Does sex impede performance?

By Jill Barker , For Canwest News Service

Some athletes believe abstinence is key to winning, but many studies say the opposite

When it comes to love, athletes are just as romantic as the next guy. That is, as long as they don't have a big game the next day. An energetic romp between the sheets the night before a competition, some athletes and coaches say, can lead to poor performance the following day.

Muhammad Ali is one of those athletes. He reportedly practiced abstinence starting several weeks before a big fight, claiming no sex made him meaner, tougher and harder to beat. Jim Popp, the former coach of the Montreal Alouettes, is one of those coaches. In an interview before the 2006 Grey Cup game between the Alouettes and the B.C. Lions, Popp said he planned to ask his players to abstain the night before the big game.

Are Popp's and Ali's beliefs borne of science? Or is the no-nookie rule simply a myth that has become part of sporting lore? In an October 2000 editorial published in the Clinical Journal of Sport Medicine, Montrealers Ian Shrier and Samantha McGlone attempted to answer both questions.

"Of the 31 articles we retrieved, only three were scientific studies (all physiological). All of these studies suggested sex the night before competition does not alter physiological testing results." That means there's no data to support Ali's belief that abstinence breeds aggression. In fact, researchers have found the exact opposite. Sexual activity actually increases, not decreases testosterone levels.

As for the claim that sex taps an athlete's energy stores, once again research proves differently.

A 1995 study published in the Journal of Sports Medicine and Physical Fitness studied 11 men who did and didn't have sex 12 hours before getting on a treadmill and working to exhaustion. No difference was noted between the results, suggesting a sexual tryst the night before doesn't affect aerobic power.

A similar study was performed in 2000, again published in the Journal of Sports Medicine and Physical Fitness, this time featuring 15 high- level male athletes (eight team players, five endurance athletes and two wrestlers). Each performed an aerobic test to exhaustion and a mental concentration test at varying time frames after sex.

A slightly increased heart rate was present in the aerobic test performed two hours post intercourse, but no lingering mental or physical effects were noted 10 hours after sex, leading the researchers to conclude "sexual activity had no detrimental influence on the maximal workload achieved and on the athletes' mental concentration." In fact, there is little to indicate athletes in top condition would be affected by a little aerobic activity when the lights go out. At best, experts suggest sex burns about four calories a minute. And just to be clear, that calorie burn occurs only during the, uh, more aerobic component of the act. The warm-up and cool-down that accompanies sex burns far fewer calories.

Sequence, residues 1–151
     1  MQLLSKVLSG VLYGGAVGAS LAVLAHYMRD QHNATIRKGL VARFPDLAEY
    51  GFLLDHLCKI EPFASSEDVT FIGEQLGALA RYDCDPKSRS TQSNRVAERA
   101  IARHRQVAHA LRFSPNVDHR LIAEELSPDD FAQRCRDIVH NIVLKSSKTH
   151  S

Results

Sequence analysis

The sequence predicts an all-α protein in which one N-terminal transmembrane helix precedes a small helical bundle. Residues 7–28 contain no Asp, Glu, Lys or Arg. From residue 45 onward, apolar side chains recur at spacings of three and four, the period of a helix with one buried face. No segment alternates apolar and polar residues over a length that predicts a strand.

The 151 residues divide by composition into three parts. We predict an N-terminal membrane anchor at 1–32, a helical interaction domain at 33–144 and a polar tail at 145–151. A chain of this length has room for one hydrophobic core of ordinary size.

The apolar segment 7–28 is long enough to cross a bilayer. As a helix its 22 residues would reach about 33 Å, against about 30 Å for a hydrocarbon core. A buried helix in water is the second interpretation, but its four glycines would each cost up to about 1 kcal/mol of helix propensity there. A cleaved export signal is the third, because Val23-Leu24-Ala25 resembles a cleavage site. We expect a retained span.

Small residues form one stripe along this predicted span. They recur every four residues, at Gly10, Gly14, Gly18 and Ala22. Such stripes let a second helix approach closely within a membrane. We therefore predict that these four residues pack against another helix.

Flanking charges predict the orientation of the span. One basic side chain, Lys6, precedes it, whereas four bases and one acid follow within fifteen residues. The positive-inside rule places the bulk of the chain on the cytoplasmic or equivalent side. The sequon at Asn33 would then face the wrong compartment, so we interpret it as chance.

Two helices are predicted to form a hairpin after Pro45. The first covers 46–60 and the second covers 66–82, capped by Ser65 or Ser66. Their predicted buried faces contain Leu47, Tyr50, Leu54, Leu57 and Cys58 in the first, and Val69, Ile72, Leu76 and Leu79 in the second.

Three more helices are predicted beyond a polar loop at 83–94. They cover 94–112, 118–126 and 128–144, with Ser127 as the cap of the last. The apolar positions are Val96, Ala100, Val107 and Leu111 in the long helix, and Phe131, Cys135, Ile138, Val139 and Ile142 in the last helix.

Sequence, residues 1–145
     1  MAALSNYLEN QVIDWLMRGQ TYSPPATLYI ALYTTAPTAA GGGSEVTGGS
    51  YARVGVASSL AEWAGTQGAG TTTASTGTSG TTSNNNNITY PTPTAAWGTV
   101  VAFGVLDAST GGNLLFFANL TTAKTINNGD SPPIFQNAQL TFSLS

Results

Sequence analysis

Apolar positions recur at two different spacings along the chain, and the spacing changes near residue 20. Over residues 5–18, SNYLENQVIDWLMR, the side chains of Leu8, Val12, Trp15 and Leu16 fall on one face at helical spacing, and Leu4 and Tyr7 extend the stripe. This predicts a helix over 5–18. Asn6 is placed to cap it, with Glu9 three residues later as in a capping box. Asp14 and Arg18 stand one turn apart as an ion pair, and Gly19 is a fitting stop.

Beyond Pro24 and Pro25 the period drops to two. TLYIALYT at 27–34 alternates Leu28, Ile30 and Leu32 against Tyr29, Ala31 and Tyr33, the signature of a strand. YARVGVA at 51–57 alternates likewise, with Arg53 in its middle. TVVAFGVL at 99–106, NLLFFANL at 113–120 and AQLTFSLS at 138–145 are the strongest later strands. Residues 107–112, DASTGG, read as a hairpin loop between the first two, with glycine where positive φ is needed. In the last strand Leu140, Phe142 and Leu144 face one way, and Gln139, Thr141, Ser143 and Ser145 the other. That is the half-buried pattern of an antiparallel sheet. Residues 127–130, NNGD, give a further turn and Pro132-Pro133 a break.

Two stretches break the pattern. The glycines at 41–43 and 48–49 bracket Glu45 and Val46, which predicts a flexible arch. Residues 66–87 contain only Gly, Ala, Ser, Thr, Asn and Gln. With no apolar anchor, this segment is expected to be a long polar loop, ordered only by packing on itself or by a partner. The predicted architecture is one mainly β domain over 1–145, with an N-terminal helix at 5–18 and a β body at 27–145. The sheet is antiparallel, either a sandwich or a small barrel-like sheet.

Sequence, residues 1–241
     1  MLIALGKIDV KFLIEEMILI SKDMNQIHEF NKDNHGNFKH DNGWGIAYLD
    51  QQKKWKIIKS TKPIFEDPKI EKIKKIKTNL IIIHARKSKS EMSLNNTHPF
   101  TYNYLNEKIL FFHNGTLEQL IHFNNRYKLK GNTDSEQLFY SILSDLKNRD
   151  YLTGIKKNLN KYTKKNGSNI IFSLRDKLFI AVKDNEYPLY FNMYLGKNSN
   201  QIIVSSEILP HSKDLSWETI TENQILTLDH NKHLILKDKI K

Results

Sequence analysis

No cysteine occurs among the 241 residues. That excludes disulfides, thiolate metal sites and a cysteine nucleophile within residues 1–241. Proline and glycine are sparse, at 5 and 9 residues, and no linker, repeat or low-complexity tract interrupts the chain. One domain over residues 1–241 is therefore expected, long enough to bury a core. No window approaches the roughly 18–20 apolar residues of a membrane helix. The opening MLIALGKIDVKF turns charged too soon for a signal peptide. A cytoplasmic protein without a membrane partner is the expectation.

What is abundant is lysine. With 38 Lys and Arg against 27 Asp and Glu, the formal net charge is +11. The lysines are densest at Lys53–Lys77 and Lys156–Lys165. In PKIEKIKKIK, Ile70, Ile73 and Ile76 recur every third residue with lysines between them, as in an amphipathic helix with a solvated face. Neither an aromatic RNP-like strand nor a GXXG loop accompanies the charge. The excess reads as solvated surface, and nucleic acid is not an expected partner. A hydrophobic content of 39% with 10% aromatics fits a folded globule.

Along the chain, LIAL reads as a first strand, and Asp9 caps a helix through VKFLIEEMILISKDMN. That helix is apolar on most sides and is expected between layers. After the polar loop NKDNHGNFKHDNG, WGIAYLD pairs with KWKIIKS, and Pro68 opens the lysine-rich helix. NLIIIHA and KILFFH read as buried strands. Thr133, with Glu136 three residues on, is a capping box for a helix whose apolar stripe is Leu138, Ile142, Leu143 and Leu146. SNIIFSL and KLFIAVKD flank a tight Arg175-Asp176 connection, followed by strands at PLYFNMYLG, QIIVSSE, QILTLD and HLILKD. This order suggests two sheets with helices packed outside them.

I'll leave you to calculate the average calorie burn that you and your partner achieve, but Shrier and McGlone estimate from start to finish most married couples burn about 25 to 50 calories during a night of passion -- the equivalent of walking up a flight of stairs.

So if physical exhaustion is what players and coaches are worried about, then Rocky Balboa's manager Mickey got it wrong when he claimed, "women weaken legs." Which, of course, begs the question -- what about the female side of the equation? Do women buy into the idea that sex before a big game is a bad idea? Not Canada's own Kerrin Lee Gartner. After winning downhill gold at the 1992 Olympic Games in Albertville, Gartner attributed her success, at least partly, to the sex she had the night before with her husband. She claimed it put her in the right frame of mind.

That leads us to wonder whether there may be a psychological edge to be had from "taking the edge off" the night before an important match.

McGlone, who is an elite triathlete (she placed second in the 2007 version of Hawaii's famous Ironman Triathlon and competed in the 2004 Olympics in Rome), said getting together with your partner the night before a big event can be comforting and part of a pre-game ritual.

"Women go for that," she noted.

That being said, she also stated as race day approaches, athletes generally have more on their minds than a roll in the hay. And depending on the length of their athletic event, fatigue might be the deciding factor as to whether sex is even considered.

Take the Tour de France, for instance. McGlone said she figures there's very little extracurricular activity going on once the cyclists get off their bikes.

"After sitting on a bike six hours a day -- forget about it," she said with a laugh.

Of course, the real problem about looking at this subject from a scientific point of view is that a lab is no place to evaluate the results. And then there's the problem of taking into account the many variables that can affect the results -- like frequency, intensity and duration.

So I'll leave the final word about the subject to Casey Stengel, the former manager of the New York Yankees. He didn't need scientific studies to determine whether abstinence the night before the World Series was a good idea. He hit the nail on the head when he said, "Being with a woman all night never hurt no professional baseball player. It's staying up all night looking for a woman that does him in."